England failed to beat Ireland to the Six Nations title despite a thumping victory over an error-ridden Italy.
They fell short of the required 51-point winning margin, meaning Ireland's win over France in Paris secured the Championship.
But they ended their campaign on a high after running in seven tries against a side which had held them to a combined margin of 13 points in their previous three victories in Rome.
Two tries from the exceptional Mike Brown and one apiece for Owen Farrell, Jack Nowell, Manu Tuilagi, Mako Vunipola and skipper Chris Robshaw blew the disappointing hosts away, with Farrell converting all seven and adding a penalty in a fine display.
Stuart Lancaster's side finish second, losing out to Ireland on points difference, with both teams winning four of their five matches.
England's match was the first of the day's final Six Nations fixtures, and they left the field knowing their winning margin was not enough to overhaul Ireland should they be victorious in Paris. But Lancaster's men retained the hope that a France victory would hand them the Championship.
Thoughts will inevitably turn to the late try conceded against France at the tournament's start which ultimately cost Lancaster's men a tilt at a Grand Slam.
But even with considerable room for improvement there is a clear sense of a side in the ascendant, and England will approach the sterner test of their New Zealand tour in far better shape than they began the year.
Luciano Orquera and Farrell traded early penalties in a messy opening, but it was Brown, England's stand-out player of the tournament, who once again set his side on their way.
Italy made a mess of a line-out in their own 22, Luther Burrell smashed down the middle and Brown took his pass at pace to hand off Michele Campagnaro and hare down the left wing and into the corner.
Farrell's accuracy from out wide made it 10-3, but sloppy handling in the backs cost two further opportunities and almost set Leonardo Sarto clear from halfway, Farrell's critical covering tackle hauling him down three metres from the English line.
Orquera landed a beauty of a penalty from distance and the Stadio Olimpico roared in expectation, but it was the visitors instead who struck decisively as the contest settled.
A Danny Care break down the middle set up a series of sorties at the Italian line, and after a penalty was kicked to the corner and Burrell punched holes down the right, Care danced left off a ruck and found the on-rushing Farrell cutting a sweet angle at pace to fly in from five metres.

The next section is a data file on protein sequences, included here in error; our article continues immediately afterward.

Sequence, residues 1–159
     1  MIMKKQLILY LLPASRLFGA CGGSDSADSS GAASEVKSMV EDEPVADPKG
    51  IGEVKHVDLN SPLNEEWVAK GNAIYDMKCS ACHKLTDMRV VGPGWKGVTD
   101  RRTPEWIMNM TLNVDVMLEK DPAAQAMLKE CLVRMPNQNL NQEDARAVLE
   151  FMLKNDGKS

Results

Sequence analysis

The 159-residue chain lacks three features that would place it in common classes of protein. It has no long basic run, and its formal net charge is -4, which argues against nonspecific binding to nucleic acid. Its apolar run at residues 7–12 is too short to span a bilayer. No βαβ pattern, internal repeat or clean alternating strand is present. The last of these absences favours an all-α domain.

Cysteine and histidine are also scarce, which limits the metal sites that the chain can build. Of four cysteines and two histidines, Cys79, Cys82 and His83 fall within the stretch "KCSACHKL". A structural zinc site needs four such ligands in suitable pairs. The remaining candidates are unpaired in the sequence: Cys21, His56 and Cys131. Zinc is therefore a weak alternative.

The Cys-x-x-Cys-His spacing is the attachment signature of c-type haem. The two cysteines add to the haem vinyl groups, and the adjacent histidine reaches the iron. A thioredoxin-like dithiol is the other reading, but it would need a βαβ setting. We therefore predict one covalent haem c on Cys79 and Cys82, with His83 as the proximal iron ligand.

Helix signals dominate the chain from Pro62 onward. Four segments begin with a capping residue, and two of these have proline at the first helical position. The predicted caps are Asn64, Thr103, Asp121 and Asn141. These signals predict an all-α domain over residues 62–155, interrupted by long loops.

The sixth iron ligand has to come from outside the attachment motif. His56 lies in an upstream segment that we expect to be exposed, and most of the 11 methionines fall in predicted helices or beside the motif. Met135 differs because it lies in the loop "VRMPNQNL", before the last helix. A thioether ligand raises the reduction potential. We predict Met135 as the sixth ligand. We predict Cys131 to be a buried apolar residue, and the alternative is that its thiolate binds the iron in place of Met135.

Farrell, faultless with the boot all day, then showcased his burgeoning all-round reputation with an outside break and off-load to Brown just before half-time to send the full-back away for his second try of the half, and the Saracens 10 drilled over the conversion that followed for a 24-6 lead at the interval.
It left England needing five unanswered converted tries to overhaul Ireland's huge points differential advantage, but only a spilled take from Angelo Esposito prevented them from conceding a score after Campagnaro had escaped Burrell's clutches to break down the right.
Errors continued to halt England's charge, with Farrell's pass slightly too far in front of Vunipola as the massive prop charged at the retreating Italian defence and Burrell having the ball kicked from his grasp as he reached for the line from a tapped penalty.
But the pressure told with just under half an hour to go when Marco Bortalami was sent to the sin-bin and England exploited the man advantage to put Nowell over from close in for the teenager's first international score.
Lancaster threw on his heavyweight replacement Tuilagi for the unfortunate Burrell, and with Italian bodies wilting in the springtime heat the gaps began to grow.
The fifth try came when Nowell and Brown combined with sweet hands, Tuilagi hammered another chunk from the Italian defence and Billy Twelvetrees curved past two weary defenders before the 20-stone Vunipola seized his clever offload to thunder over for England's fifth try.
With Farrell's conversion making it 38-6 and a quarter of the match to come England sensed the opportunity to pile pressure on Irish shoulders in Paris.
On came fresh legs at scrum-half and blind-side in Lee Dickson and Tom Johnson, and on smashed Tuilagi. He ran through two men to dot down under the posts, Farrell popped over the extras and the lead had stretched to 39.
Italy looked spent. But Joe Launchbury was picked off looking to run the ball from deep, with Sarto intercepting to sprint into the corner, and the momentum was lost.
Only with the clock in red did another score come, late replacement George Ford giving notice of his rich promise at fly-half with a smart break to release Robshaw.
But the damage had been done, and as attention turned to the Stade de France and Ireland's bid to beat France in the final game of the 2014 Six Nations later on Saturday, England's lap of honour told a tale of a side who had done as much as they could.
Italy: McLean; Esposito, Campagnaro, Garcia, Sarto; Orquera, Tebaldi; Aguero, Ghiraldini, Cittadini, Geldenhuys, Bortolami, Furno, Barbieri, Parisse, Derbyshire.
Replacements: Masi for Garcia (73), Allan for Orquera (44), Rizzo for Aguero (47), De Marchi for Cittadini (47), Derbyshire for Furno (56), Biagi for Derbyshire (61).
Not Used: Giazzon, Gori.
Sin Bin: Bortolami (51).
England: Brown; Nowell, Burrell, Twelvetrees, May; Farrell, Care; M Vunipola, Hartley, Wilson, Launchbury, Lawes, Wood, Robshaw, Morgan.
Replacements: Tuilagi for Burrell (54), Ford for Twelvetrees (71), Dickson for Care (67), Mullan for M Vunipola (76), T Youngs for Hartley (54), Thomas for Wilson (71), Attwood for Launchbury (71), Johnson for Wood (67).
Ref: Pascal Gauzere (France).